From my point of view, the choice is very obvious. Do you see it too?

The winner is the Redhead Sockeye Salmon!

A most important factor was that it is not boneless and skinless. We were recreating childhood dinner for my sons, so the whole grizzly experience was an absolute necessity.

Other things that played a great role in my decision were price and sustainable harvesting.

Also, the Sockeye salmon has better quality and stronger taste than the Pink salmon, no matter the company who produces it.

If my choice wasn’t that obvious to you and if you are not looking for grizzly spirit or you simply find skin and bones repelling, I recommend you to try out any other option I’ve offered you.

They all have a pretty good taste, and if you haven’t tried canned salmon by now, their deliciousness may surprise you!

Barbara Whitney

For the last 20 years, I’ve been cooking, preparing, researching, and gathering recipes, tools, and knowledge about food and the way we prepare it. Raising two lively boys and spoiling one great husband later, it’s safe to say that I’ve optimized my kitchen to deliver the best possible meal, no matter the occasion.

Click Here to Leave a Comment Below 21 comments
L. Amenope

What about Deming’s? Same profile as Redhead in every way.

    Barbara Whitney


    As I wrote earlier, the only downside to Redhead’s Salmon was its mushiness. Deming’s Red Sockeye Salmon is indeed just as good as Redhead’s in all other aspects, except for the fact it is even mushier.

    This is a strictly personal preference, and I believe some people would disagree with me, but I like my fish to be firm, and ready for chewing. Deming’s Salmon will serve you right if you decide to include it in some creative recipe, like salmon patties, burgers, salads and so on. It will bring you the same health benefits, too! However, if you prefer to eat it directly out of the can, like my boys and I do, it might not be the best choice because of its texture.


I was wondering what you could tell me about Artic Star Wild Alaska Salmon(red can with a star and a salmon on it)? My brother cooked with it and he and I were trying to find out the manufacturer but so far neither of us have had any success.

    Barbara Whitney

    Dear Dan,

    Over the years, I haven’t had a chance to use Arctic Star’s Wild Alaskan Salmon that much. My reasons are quite similar to yours; I haven’t succeeded to track down any useful information on the manufacturer except for the fact that they are a US based company and their fish is wild caught. This might be enough for some people, but I decided to stay away until I find out more about the quality of their product, packaging and so on.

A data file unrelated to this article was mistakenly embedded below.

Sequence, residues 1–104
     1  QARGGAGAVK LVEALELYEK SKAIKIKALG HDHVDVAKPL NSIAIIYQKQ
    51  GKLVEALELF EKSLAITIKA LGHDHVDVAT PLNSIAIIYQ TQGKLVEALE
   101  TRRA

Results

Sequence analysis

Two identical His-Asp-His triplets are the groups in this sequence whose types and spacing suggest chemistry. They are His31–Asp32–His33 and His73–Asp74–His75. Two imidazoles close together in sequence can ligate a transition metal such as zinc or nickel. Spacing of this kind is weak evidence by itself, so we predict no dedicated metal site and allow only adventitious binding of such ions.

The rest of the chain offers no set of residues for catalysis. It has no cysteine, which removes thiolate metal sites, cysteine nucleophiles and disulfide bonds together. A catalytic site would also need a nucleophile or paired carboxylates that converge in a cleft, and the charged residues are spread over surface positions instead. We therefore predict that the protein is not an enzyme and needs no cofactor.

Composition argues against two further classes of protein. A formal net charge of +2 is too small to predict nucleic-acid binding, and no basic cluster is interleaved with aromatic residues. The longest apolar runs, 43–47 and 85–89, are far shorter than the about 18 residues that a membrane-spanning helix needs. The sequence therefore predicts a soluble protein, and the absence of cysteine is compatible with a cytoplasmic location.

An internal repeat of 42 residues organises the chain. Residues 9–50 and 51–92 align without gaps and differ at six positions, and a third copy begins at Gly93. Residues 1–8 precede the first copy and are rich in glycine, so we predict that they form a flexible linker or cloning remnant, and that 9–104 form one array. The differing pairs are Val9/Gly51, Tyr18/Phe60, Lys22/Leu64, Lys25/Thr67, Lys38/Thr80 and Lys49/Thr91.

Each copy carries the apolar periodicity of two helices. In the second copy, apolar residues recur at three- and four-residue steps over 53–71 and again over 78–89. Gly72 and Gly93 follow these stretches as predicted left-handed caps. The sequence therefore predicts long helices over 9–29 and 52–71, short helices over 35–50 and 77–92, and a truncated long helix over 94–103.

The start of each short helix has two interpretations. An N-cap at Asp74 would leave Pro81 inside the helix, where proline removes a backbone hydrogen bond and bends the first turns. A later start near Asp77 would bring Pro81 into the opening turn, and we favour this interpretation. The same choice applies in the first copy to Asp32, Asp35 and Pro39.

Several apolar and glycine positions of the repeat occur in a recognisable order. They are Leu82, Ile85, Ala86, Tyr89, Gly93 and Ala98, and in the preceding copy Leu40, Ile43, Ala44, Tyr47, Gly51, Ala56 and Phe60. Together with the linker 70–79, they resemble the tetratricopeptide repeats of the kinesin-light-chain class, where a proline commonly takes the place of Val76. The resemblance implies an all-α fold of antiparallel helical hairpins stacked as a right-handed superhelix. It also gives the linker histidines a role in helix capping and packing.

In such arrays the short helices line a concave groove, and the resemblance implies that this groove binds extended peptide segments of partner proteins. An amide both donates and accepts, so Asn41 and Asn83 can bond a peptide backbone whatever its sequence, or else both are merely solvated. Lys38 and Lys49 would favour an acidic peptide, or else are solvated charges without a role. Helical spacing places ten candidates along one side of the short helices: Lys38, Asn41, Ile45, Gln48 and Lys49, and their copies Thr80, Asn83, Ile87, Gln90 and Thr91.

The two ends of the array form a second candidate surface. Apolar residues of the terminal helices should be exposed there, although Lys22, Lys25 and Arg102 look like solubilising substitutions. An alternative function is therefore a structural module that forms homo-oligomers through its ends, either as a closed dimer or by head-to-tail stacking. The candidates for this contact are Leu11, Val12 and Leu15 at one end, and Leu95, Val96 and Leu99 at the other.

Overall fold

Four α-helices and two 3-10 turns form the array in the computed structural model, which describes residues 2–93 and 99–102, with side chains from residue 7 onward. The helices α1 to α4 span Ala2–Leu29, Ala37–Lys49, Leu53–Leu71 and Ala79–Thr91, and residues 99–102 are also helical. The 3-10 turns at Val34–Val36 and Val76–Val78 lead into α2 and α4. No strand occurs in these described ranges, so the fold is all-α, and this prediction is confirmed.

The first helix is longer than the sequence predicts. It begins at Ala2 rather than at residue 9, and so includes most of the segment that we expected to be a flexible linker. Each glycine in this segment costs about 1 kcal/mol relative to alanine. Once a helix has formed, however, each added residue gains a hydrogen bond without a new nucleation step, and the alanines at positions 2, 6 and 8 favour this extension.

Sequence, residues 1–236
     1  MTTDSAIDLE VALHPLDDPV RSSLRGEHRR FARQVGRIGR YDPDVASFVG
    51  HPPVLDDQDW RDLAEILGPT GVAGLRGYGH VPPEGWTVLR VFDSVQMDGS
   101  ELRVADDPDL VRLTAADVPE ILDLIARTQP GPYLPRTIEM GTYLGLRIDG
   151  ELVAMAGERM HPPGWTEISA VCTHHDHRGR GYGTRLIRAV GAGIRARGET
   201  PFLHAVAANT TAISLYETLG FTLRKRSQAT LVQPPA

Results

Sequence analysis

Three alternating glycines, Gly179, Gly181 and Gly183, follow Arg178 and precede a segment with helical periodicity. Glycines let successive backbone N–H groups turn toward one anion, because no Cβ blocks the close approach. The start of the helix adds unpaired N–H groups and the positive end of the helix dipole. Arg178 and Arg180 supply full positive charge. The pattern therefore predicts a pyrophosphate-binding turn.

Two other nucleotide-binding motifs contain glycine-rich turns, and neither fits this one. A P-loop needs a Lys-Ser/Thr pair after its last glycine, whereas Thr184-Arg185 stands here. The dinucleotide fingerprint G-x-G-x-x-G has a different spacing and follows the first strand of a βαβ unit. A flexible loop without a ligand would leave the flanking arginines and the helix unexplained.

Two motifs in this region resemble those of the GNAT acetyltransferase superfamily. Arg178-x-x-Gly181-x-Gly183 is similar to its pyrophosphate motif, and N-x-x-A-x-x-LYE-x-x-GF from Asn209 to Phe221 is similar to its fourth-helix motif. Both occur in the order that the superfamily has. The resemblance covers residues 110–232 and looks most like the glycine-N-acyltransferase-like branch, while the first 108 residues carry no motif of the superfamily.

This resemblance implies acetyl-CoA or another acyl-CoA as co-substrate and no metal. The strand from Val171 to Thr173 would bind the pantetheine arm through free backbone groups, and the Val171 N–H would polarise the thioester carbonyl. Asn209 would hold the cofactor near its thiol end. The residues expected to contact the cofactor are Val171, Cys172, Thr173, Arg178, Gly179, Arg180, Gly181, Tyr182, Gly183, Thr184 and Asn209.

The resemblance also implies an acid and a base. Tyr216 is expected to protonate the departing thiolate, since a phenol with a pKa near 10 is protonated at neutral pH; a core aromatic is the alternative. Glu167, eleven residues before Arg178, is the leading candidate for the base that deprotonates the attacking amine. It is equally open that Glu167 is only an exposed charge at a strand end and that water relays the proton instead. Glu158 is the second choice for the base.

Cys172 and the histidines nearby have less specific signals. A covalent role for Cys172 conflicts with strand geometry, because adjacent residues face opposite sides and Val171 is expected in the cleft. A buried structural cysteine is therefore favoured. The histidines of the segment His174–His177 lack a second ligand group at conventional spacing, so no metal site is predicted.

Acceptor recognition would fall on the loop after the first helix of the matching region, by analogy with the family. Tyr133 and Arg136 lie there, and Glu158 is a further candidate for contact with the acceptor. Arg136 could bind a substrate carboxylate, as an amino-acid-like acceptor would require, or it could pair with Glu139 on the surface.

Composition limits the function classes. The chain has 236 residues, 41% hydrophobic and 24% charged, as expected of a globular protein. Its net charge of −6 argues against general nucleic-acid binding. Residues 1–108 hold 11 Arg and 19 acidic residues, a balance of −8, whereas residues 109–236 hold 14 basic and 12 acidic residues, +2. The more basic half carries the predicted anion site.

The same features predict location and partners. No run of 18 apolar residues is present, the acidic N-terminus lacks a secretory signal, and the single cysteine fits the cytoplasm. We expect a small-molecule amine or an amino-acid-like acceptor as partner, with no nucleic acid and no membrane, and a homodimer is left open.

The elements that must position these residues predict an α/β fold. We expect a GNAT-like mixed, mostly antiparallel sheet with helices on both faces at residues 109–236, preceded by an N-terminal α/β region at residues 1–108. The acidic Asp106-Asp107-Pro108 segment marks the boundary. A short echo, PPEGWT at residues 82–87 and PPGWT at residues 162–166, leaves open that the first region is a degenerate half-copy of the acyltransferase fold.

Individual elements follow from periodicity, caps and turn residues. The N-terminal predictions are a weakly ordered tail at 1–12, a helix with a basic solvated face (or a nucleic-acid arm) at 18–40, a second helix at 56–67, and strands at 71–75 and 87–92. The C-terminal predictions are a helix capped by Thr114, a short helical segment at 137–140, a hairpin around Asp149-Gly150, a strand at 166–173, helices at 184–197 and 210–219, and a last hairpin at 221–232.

However, my dear friend and neighbor likes to use their canned salmon in various recipes, so I’ve tried it a few times. What I can tell you from those experiences, is that Arctic Star Wild Alaskan Salmon has less skin and bone than I prefer and stronger odor at the same time.
    I hope my answer is at least somewhat helpful. If you manage to find more information on this manufacturer, I will be glad to hear about it!



Where do I find the amount of Omega 3 in the various brands? I have checked their websites and they typically don’t even mention Omega 3.

Thank you in advance 🙂

    Barbara Whitney

    That’s a difficult question, Cody. It all depends on the packaging – manufacturers usually provide the info that they are obliged to by the state law (this varies depending on the state).

    Try to inspect the packaging thoroughly, or ask the sellers in the store about it. If no avail, you can rely on statistics from Livestrong:

    “Salmon provides omega-3 fatty acids in the form of EPA and DHA. A 3-ounce serving of fresh or frozen salmon provides 1.1 to 1.9 g total omega-3, according to the AHA. Of the commonly eaten fish that are low in mercury, it is the richest in EPA + DHA. Salmon and other fatty fish contain predominantly heart-healthy polyunsaturated fat, rather than saturated fat.”


The only canned salmon I have ever used is Bumblebee Wild Caught Red Salmon and it is wonderful! I wouldn’t ever consider mushy or pink salmon.


What is your opinion of American Salmon sold through the American Tuna Company? It is expensive, but I really like it. It is caught in Alaska and packaged in Oregon, which is important to me. Thank you!

    Barbara Whitney

    Hey Donna,

    I haven’t tried that one before. Will try to get it soon and let you know.


Have you tried Icy Point salmon? What’s your opinion?

    Barbara Whitney

    Not yet, dear.

    Will try to find it and add to this article soon.

    Thanks for your comment!


I thought the Kirkland Sockeye Salmon was discontinued by Costco.